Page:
Lace up your intense cold weather boots: The Marine Corps is considering training its troops in Alaska, according to the service’s new training and education blueprint.
In the planning document, the service notes the need to explore options to expand “unit and service-level training into Alaska” and whether the service requires a more permanent presence there.
The Training and Education 2030 document, which was released on Tuesday, is the most recent report in a series of policy plans that aim to set a new direction for the service. Included in the report is a direction to analyze if the cold, remote environment of Alaska could offer Marines a new style of terrain they have not regularly had the opportunity to train with.
Currently, the Marine Corps Mountain Warfare Training Center in Bridgeport, California, is one of the only installations to offer Marines training in mountainous, cold-weather environments.
Lt. Gen. Kevin Iiams, commanding general of Marine Corps Training and Education Command, said during a roundtable event with reporters at the Pentagon Tuesday, “Our cold weather training range up at … Bridgeport, while large, is nowhere near as large as the training ranges in Alaska.”
“You can put much larger forces into the field and exercise them then we can at our small training facility ... at Bridgeport,” he said.
Marines also have conducted cold-weather training on deployments to Norway.
“The current T&E system is not preparing the Marine Corps for the future operating environment,” the report said, noting that Marines need to be better equipped to handle all types of domains.
With a renewed focus from the Marine Corps on the Indo-Pacific, and continual threats from countries like Russia, North Korea and China, the service is eager to resolve that dilemma.
“Every clime, every place,” Col. Mark Smith, the director of Training and Education Command’s Range Training Programs Division, said at the roundtable.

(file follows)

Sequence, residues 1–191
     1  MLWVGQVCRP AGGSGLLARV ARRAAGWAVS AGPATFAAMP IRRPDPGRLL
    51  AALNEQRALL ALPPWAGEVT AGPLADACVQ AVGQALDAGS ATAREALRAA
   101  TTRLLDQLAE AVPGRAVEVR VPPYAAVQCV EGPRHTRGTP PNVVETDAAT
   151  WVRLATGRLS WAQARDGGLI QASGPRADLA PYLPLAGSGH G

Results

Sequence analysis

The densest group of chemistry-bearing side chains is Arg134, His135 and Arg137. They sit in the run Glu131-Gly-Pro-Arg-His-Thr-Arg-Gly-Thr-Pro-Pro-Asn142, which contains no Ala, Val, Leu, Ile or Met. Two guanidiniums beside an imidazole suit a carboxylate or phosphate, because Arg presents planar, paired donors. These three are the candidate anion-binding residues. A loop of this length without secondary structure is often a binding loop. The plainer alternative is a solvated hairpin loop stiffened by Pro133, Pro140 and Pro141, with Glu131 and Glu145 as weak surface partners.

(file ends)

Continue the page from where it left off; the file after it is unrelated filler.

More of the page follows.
By April, the Marine Corps says it will “identify supplemental ranges, training areas, and federated [virtual simulator] venues” to offer all types of training for troops, the T&E 2030 document notes.
Service leaders are especially interested in the use of high-tech simulators as a modern means of training troops and are looking to operationalize what they call Project Tripoli to connect Marine Corps, joint and partnered nation units around the globe.
Marines across installations will be able to jump into a virtual space and interact with one another in order to practice simulated missions, according to Iiams, meaning a lance corporal wearing ocular lenses on a range somewhere can look up and see a plane flying overhead operated by a pilot using another simulator.
“We’re also going to have ... real time feedback,” Iiams said at the roundtable, offering troops better assessments as they move on through an exercise.
The T&E 2030 document notes that the Corps will have a cost estimate for the project by March and that it will be fully employed by September 2024.
The report also calls out the need to evaluate the service’s airspace needs in support of expanded training across its installations.
In other training news from the roundtable, Col. Eric Quehl, TECOM’s director for policy and standards, shared that a “rigorous” advanced rifle qualification course after entry-level training is being piloted and is “progressing toward full operational capability.”
The T&E 2030 report serves as the third document to come from the commandant’s 2019 planning guidance, following the Force Design 2030, released in March 2020, and the Talent Management 2030, released in November 2021.
A further timeline on when the evaluation of using Alaska for Marine Corps training purposes has yet to be announced, though Iiams said at the roundtable than an annual update on the T&E 2030 report, similar to the other planning documents, is likely.
Jonathan is a staff writer and editor of the Early Bird Brief newsletter for Military Times. Follow him on Twitter @lehrfeld_media